Service charges and other issues
A guide to service charges, administration charges, ground rent, recognised tenants associations and forfeiture.
By Simon Tye, Legal Adviser
It is common practice in most modern leases to include a clause allowing the landlord (or management company) to recover costs for additional services or costs that might not have been contemplated when the lease was granted but that the landlord might later wish to recover. This is what is known as a “sweeping up“ or “sweeper” clause.
The sweeping up clause may appear in various parts of the lease and is not always obvious from a casual reading of the lease. For example, it may be in the list of chargeable costs in a schedule to the lease or it may be contained in the landlords covenants, for which the leaseholder agrees to pay a service charge. An example of such a clause mentioned above would be:
“Total expenditure means the expenditure incurred by a lessor in any accounting period in carrying out its obligations under clause 3 of the lease and any other costs and expenses reasonably incurred in connection with the building.”
The above clause is drafted very widely, but restricts the landlord to those costs reasonably incurred. Obviously, the Leasehold Valuation Tribunal (LVT) can be used by leaseholders to challenge the reasonableness of costs.
Other sweeping up clauses may be drafted more narrowly to specify the purpose for which the landlord can include the additional costs. For example, by including the words “for the benefit of the tenants in the building as a whole “or “in the interests of good estate management”.
The court or tribunal will not impute meaning to a clause that is not there and will generally interpret such clauses based on the precise wording in the lease, so it is important that the clause is properly thought out when drafted.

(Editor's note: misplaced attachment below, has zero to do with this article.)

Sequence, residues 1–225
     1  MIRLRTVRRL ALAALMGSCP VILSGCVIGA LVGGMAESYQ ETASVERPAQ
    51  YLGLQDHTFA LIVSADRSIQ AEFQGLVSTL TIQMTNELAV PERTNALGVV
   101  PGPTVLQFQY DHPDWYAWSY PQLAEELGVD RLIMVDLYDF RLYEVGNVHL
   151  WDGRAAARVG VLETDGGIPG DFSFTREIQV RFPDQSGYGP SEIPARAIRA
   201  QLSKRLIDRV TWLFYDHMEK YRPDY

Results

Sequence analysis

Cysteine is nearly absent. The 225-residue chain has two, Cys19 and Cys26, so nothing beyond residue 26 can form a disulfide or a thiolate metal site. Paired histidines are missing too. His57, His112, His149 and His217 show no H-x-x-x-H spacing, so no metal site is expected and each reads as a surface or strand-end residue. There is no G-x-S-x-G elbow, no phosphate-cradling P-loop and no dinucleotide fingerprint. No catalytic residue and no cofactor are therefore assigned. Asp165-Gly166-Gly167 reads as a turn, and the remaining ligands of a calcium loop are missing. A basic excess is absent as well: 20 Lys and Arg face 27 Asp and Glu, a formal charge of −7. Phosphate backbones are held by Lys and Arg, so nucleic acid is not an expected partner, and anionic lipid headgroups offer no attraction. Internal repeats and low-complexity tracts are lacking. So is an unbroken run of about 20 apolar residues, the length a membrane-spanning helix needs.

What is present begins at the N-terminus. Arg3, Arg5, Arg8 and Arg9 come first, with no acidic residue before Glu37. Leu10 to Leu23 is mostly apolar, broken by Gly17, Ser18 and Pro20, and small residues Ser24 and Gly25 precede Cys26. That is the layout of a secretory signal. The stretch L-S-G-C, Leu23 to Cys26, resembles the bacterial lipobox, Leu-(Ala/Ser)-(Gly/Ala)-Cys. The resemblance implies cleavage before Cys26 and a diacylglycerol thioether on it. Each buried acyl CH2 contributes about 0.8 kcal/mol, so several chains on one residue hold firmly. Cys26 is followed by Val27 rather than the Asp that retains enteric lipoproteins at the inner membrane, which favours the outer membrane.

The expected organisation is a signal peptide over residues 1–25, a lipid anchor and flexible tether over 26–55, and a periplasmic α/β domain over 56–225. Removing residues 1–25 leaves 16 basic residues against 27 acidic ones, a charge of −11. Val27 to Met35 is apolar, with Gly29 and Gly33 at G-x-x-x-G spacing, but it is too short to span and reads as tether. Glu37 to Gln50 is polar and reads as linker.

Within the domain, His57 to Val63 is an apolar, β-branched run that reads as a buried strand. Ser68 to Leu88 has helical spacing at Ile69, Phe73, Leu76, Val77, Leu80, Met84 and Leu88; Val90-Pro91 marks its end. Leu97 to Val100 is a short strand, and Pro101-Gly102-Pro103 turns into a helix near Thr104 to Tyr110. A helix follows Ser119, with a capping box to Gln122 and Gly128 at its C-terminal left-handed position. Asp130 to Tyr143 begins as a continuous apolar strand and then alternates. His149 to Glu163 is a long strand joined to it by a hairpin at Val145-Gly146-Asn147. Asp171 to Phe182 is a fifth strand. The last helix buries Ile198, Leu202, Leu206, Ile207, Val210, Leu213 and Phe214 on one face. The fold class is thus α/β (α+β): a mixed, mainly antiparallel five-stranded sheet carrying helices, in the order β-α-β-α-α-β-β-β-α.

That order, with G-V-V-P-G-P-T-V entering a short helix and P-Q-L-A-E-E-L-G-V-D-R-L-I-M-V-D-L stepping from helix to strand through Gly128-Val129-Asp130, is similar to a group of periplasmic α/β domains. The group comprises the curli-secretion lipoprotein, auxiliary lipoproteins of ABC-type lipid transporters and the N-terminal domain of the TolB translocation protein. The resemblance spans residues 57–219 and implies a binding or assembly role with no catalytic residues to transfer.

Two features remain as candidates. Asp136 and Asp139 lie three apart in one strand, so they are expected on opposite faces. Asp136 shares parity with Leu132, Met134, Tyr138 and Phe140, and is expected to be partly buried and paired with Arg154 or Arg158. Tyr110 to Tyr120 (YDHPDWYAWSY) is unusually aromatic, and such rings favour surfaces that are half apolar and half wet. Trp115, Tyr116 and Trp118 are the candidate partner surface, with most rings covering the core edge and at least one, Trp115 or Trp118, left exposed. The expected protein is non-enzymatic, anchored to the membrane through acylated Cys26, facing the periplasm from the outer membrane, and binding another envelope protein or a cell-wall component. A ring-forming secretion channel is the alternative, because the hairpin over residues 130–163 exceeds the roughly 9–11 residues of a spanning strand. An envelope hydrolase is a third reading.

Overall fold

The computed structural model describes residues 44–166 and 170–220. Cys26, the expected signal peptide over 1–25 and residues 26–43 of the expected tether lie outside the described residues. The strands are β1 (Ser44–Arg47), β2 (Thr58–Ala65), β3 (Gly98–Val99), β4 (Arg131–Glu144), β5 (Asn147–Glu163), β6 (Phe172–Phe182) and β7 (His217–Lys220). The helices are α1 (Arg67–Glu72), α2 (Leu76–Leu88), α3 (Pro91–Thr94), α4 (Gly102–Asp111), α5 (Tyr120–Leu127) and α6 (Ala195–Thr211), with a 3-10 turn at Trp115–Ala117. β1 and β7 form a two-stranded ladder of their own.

There is also the contra proferentem rule which states, broadly, that where there is doubt about the meaning of the wording in a contract (lease in this case) the words will be construed against the person who put them forward. In other words, the courts are more inclined to find in favour of the leaseholder, where the clause is unclear, and the freeholder is arguing it allows him to recover costs.
A sweeping up clause is also often used to allow a landlord or management company to make rules or regulations for the better management of an estate or building. This is a similar principle to the service charge clauses above but allows new regulations, for example, about parking, to be introduced. The wording of such clauses usually also mentions reasonableness.
If a landlord finds that the sweeping up clause does not allow him to recover costs that arise later, the alternative would be to seek the leaseholder’s agreement to vary the lease or to apply to the First-tier Tribunal (Property Chamber) if the property is in England and to the Leasehold Valuation Tribunal if the property is in Wales for the variation of a lease or leases under sections 35 or 37 of the Landlord and Tenant Act 1987